Things are going to change.
Whether you subscribe to the saying “The only thing constant is change” or “The more things change the more they stay the same” the common factor is “Change.”
Change can happen slowly, over time, like the slow erosion of the walls of the Grand Canyon by the Colorado River or in an instant like the morning of May 18, 1980, at 8:32 am when the countryside surrounding Mt. Saint Helen in Washington State was changed forever by an eruption that created a one-mile-wide crater where the face of the mountain used to be. Some changes you can see coming and prepare for, some you can’t.
Regardless of your political leaning, 2016 will see a new President elected and regardless of the party who controls the White House, there will be change. In the past few months the Occupational Safety and Health Administration (OSHA) has issued changed directives on reporting rules regarding injuries and issued new transgendered employee rights to name just a few changes.
There have been efforts (some successful) across the country to change the minimum wage and changes in the rules around overtime for salaried employees, and we are just getting started.
The new EMV credit card standard, more commonly referred to as “Chip and Pin” will go into effect Oct 1. A recent poll found that 60 percent of all small business is unaware of what this change to credit cards means, and more importantly, what it means for their business. According to the Small Business and Entrepreneurship Council from mid-1993 to mid-2009 small business accounted for 60 percent of all the new jobs created.
There are approximately 5.5 million small business in America and they account for more than 50 percent of the US annual Gross Domestic Product (GDP). We may be categorized as small businesses, however, we are part of a very large driving force in the US economy. For sure, business environments are changing. No longer is it enough to just have an attractive lot, a catchy logo and deliver a clean car. In today’s environment you need to be an expert analyst, be able to interpret piles of data, understand and implement Department of Environmental Conservation (DEC), Department of Labor (DOL), Internal Revenue Service (IRS) as well as Federal, State, City and Town ordinances and rules.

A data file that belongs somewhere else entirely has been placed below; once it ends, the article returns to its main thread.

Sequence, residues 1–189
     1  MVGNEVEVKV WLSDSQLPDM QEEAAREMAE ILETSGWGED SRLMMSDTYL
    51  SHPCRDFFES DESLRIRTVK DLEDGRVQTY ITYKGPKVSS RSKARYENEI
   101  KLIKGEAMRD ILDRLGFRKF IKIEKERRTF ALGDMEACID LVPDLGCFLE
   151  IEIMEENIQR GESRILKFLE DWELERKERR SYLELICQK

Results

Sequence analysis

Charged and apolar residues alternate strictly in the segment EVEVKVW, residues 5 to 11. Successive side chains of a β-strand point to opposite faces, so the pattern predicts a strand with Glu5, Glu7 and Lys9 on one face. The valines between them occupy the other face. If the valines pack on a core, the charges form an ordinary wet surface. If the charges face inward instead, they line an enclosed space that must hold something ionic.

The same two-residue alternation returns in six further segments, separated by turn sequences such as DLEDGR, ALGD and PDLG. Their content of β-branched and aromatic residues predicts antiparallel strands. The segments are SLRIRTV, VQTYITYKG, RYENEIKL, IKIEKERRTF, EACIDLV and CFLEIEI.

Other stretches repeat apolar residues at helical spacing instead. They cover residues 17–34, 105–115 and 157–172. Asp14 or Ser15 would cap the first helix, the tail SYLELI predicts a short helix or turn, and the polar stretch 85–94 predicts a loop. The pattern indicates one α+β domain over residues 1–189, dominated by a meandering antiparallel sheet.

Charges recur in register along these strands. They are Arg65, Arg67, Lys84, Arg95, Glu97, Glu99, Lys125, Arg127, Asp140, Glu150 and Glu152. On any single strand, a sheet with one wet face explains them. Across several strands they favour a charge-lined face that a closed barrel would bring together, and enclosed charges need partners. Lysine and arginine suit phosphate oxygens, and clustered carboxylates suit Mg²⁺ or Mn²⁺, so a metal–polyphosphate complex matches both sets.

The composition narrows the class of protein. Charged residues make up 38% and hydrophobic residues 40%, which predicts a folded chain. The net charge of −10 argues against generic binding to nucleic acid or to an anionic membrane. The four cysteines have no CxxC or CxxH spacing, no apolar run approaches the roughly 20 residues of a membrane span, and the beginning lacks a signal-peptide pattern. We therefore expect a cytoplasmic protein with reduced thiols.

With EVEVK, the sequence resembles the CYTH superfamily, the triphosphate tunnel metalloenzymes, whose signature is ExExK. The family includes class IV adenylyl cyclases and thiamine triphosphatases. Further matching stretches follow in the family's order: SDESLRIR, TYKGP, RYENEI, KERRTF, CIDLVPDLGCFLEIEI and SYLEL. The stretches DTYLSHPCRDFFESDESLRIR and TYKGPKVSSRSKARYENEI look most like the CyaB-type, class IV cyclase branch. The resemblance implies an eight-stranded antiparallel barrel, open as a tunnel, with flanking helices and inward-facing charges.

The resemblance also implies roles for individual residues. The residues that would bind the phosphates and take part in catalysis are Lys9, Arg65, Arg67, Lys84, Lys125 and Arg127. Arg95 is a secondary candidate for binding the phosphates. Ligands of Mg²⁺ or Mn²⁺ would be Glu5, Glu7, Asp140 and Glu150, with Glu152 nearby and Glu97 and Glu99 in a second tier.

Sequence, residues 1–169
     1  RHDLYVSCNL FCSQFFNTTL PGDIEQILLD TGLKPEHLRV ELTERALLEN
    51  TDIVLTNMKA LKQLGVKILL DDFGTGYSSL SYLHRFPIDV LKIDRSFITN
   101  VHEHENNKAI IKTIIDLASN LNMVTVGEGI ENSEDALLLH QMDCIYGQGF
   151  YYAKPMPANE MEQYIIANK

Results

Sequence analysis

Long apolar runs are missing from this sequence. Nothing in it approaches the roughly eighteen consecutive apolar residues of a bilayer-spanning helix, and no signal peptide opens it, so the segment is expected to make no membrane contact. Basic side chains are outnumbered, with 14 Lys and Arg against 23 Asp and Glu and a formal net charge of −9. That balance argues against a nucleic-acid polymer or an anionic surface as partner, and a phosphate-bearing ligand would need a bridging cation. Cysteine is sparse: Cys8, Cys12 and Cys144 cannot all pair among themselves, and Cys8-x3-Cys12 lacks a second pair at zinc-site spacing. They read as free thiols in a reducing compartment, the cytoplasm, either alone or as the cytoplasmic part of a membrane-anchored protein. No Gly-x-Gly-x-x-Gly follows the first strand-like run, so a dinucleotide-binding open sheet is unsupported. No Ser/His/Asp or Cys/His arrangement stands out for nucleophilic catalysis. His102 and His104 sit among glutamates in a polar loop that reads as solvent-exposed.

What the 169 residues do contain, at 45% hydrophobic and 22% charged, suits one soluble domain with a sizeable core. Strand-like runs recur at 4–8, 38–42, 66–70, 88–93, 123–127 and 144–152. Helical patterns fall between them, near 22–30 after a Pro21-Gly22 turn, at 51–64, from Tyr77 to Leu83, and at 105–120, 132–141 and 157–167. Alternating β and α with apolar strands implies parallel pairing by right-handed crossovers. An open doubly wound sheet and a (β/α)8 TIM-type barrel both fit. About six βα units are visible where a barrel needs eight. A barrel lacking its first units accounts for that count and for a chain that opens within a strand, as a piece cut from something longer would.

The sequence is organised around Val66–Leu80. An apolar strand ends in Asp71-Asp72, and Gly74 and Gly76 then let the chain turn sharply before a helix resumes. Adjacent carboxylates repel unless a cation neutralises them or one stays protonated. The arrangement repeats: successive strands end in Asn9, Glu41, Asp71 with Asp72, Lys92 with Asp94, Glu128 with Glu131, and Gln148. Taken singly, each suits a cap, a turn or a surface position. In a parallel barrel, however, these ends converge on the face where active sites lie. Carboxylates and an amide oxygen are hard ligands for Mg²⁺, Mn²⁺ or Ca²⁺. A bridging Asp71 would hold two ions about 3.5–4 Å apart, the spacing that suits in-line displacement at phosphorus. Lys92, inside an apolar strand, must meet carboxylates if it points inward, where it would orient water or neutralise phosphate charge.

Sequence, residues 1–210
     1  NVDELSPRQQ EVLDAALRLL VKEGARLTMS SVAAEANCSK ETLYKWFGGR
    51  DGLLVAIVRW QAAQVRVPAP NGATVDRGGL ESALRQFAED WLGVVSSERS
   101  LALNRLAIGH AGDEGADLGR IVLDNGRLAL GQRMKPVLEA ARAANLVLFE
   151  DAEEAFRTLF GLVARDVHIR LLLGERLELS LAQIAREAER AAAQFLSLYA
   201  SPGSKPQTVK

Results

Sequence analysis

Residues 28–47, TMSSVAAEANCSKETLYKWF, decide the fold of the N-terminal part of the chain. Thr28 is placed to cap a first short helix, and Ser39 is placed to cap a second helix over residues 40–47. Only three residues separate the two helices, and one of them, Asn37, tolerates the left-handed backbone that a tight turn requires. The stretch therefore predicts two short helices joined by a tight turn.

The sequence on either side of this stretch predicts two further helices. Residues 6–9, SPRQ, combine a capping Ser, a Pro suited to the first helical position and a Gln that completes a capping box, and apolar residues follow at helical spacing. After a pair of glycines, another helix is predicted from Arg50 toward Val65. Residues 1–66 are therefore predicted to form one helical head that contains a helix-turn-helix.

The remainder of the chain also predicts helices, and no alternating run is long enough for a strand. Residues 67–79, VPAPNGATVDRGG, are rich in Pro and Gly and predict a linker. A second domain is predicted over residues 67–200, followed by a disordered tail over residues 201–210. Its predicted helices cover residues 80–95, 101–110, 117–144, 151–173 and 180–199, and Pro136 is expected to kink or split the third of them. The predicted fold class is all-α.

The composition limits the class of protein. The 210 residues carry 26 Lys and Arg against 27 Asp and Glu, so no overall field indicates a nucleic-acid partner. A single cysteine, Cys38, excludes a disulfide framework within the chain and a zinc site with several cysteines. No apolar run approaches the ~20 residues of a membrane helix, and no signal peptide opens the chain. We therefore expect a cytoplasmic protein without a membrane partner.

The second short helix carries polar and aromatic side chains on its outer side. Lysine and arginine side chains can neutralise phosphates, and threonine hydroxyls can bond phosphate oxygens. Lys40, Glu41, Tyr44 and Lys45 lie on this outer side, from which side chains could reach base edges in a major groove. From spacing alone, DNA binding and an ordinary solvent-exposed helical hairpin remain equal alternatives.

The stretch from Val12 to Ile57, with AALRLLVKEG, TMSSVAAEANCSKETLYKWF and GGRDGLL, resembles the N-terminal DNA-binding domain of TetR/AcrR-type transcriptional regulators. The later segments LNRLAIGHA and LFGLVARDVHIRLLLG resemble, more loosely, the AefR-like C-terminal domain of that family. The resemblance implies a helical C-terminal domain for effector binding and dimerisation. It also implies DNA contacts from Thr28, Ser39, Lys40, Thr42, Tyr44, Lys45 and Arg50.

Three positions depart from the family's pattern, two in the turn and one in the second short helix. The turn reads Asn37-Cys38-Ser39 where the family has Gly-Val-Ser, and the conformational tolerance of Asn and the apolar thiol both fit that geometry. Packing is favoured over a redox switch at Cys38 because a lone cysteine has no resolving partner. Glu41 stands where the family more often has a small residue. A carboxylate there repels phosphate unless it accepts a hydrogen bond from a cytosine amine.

In order to be successful we need to change and at first glance this may seem like an insurmountable task. You might be asking yourself, “Where do I start?”I was recently at a carwash meeting and the topics of discussion were more like those you would expect to hear in an executive boardroom. There were some carwash-specific topics discussed, however, the bulk of the conversations revolved around “the business of running the business.” As business changes we need to adapt and that will look different for each company and be specific to your situation and your own plans.
I have written before about the benefits of belonging to a state association. There is nowhere else I know that a carwash operator can go to get industry specific information from operators who have first-hand experience and are willing to share their challenges, triumphs and defeats. One of the best opportunities to see this first hand is almost here. Registration is now open for the 26th Annual Northeast Regional Carwash Convention (NRCC) in Atlantic City hosted by the Mid-Atlantic Car Wash Association. Visit www.nrccshow.com for details and to register. The convention has moved venues to the much larger state-of-the-art Atlantic City Convention Center allowing for larger exhibitor space and the ability to expand the number of suppliers, vendors and the amount of product they can display. What hasn’t changed is the great opportunity to participate in one of the largest gatherings of carwash professional, educators, suppliers and manufacturers in our industry. I’ll be there every day at every session garnering as much information and networking as is possible. You should too! Change is going to happen. Will you be ready?